Time required:


Number of participants:

On your own or in a facilitated conversation with a colleague, manager, friend etc.


Printed tool (preferably A3)


Brian Frandsen and Danish Design Center (DDC)


Want to hear more about The wheel of well-being?

Want to hear more about The wheel of well-being?

In connection with the organizational development at the Danish Design Center, we jointly defined seven core criteria for The Healthy Organization. The hypothesis was that if we as an organization scored high on the seven criteria, the organization as a whole would be healthy. But the seven criteria could also say something about the individual colleague’s organizational health, or well-being.

I developed the well-being wheel, together with the people I personally managed, as a conversation and monitoring tool for how they each saw their well-being compared to the overall well-being of the organization.

However, the tool has proven to be more versatile and can be used with any criteria – organizational or personal.

Understand the model

The tool is built as a so-called spider web diagram. There is room for up to 8 criteria to be defined. Each ‘bar’ represents a scale from 1-5. Closest to the center is one, and the end of the bar towards the periphery is 5.

The tool is used as a reflection or conversation tool while filling it in, and after completion, the tool serves as a visual representation of the potentials for bettering your wellbeing.

How to use the tool

  1. Write all the individual criteria equally spaced in the outer circle of the empty spider web so that each criterion has its own bar.
  2. Now go through each criterion one at a time asking: “How well do you feel you do are doing when it comes to X on a scale from 1-5”.
    A big part of the exercise here is to be curious about the reflections or different interpretations of criteria that may arise. If you’re doing the exercise by yourself, be curious about your own thoughts and take the time to consider what the criteria mean and what a higher or lower score would mean to you. If you are facilitating a conversation with a coachee or colleague, ask curious questions and allow time and space for reflection and exploring uncertainties. The conversation about definitions and understandings is just as important as the actual rating on the scale.
  3. Put a dot or a cross on each criteria bar and connect the dots to form a spider web.
  4. Take another colored pen and go through all the criteria again and ask: “How well do you feel your organization is doing when it comes to X on a scale from 1-5”. (Depending on the context in which you use the tool, you could switch out ‘organization’. It could for example also be at team level, your family or circle of friends) Again, the conversation about what the criteria means in this expanded context is just as important as the actual rating on the scales.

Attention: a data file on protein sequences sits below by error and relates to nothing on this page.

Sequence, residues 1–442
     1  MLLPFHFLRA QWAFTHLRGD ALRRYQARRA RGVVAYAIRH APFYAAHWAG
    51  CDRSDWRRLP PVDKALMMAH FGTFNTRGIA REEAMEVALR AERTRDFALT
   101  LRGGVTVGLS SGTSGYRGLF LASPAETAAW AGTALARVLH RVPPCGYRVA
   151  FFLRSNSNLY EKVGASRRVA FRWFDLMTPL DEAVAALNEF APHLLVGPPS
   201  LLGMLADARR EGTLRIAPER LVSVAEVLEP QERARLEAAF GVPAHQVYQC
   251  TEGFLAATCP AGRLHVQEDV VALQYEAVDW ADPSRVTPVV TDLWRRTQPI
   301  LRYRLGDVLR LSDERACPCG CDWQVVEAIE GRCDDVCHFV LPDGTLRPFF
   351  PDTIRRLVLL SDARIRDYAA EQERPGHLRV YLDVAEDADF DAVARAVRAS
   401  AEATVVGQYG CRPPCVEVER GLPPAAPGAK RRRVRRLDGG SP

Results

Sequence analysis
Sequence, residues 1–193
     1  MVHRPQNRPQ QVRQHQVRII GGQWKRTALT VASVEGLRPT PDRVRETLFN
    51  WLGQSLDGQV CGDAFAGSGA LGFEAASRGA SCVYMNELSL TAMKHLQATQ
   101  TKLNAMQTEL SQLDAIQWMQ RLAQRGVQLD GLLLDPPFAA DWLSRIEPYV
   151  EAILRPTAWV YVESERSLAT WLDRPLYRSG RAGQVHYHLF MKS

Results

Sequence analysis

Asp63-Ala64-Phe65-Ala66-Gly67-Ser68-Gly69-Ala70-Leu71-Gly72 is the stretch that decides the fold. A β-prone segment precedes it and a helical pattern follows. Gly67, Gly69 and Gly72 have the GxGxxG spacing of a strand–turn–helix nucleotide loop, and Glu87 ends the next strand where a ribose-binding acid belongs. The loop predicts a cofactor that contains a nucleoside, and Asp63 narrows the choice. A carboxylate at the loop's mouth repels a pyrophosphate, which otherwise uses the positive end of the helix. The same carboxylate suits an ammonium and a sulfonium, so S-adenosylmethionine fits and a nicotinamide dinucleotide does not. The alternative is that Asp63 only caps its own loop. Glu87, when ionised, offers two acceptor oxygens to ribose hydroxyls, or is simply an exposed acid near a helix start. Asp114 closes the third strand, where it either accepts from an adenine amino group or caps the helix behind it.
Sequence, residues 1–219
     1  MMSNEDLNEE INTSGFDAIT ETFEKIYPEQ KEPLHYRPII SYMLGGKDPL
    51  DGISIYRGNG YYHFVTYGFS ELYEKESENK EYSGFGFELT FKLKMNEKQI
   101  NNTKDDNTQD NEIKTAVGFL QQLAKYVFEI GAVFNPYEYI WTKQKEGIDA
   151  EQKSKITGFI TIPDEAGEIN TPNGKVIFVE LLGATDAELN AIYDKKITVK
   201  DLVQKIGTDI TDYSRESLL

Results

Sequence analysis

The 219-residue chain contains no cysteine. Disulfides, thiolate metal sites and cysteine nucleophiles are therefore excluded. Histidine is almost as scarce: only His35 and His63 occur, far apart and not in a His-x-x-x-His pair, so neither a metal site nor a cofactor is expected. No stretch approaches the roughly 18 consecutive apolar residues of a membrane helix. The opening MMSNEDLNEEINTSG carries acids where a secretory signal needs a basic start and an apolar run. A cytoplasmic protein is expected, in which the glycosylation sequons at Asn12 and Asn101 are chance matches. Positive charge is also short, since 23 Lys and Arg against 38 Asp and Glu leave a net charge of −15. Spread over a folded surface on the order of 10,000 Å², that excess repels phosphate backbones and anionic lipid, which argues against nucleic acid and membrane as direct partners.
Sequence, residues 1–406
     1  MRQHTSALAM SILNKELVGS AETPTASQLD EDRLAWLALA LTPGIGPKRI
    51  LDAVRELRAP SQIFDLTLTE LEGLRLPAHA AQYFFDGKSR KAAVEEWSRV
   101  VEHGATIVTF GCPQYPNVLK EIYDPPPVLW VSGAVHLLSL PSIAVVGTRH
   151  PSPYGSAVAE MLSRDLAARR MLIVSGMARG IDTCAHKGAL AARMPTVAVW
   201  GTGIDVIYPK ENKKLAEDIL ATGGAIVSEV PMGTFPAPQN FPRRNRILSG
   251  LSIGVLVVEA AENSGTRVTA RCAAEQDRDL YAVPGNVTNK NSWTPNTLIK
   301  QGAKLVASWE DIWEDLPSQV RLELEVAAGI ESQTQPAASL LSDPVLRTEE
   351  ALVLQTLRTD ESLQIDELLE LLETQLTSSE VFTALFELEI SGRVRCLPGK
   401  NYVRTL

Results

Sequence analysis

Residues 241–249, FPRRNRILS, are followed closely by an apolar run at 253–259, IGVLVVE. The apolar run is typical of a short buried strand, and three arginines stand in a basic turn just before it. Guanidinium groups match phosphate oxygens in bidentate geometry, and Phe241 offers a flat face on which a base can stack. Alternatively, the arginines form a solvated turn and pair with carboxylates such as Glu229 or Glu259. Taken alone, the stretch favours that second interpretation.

5. Once you’ve gone through all the criteria, connect the dots and the picture of the relationship between individual and organizational wellbeing becomes clear. You’ll find that it’s less important whether you or the organization scores 3 or 5 than the difference gap between how you feel you are doing and how you perceive the organization is doing in meeting the individual criteria.
  6. In areas where you as an individual perform better than the organization, you may have an obligation or at least an opportunity to help improve the overall health and well-being of the organization. In areas where the organization scores higher than you, there is an opportunity to investigate the reasons and perhaps seek out people in the organization who can either help you improve or inspire you to do so.

Use these insights to consider what you can do to improve your own and your organization’s wellbeing and health. Maybe you need to mobilize and engage your colleagues, maybe there are things you can do yourself. Either way, when you look at the picture you’ve just drawn, it becomes clear that an organization’s wellbeing can be a collective responsibility and everyone also has opportunities to act to improve our working conditions, health and wellbeing.

Bonus info:

At the Danish Design Center, we tried using the seven health criteria as the starting point for a workplace assessment, where all colleagues were asked the questions above. All the ratings were accumulated to form a picture of how employees rated their own well-being in relation to the company and how they saw the overall well-being of the organization. There were some collective revelations in that exercise, as the individual perception about the overall wellbeing can be very different to how the actual combined evaluation of wellbeing is. These insights provide an opportunity to do something structural about well-being, but also give the individual the opportunity to reflect and do something themselves in collaboration with their colleagues.

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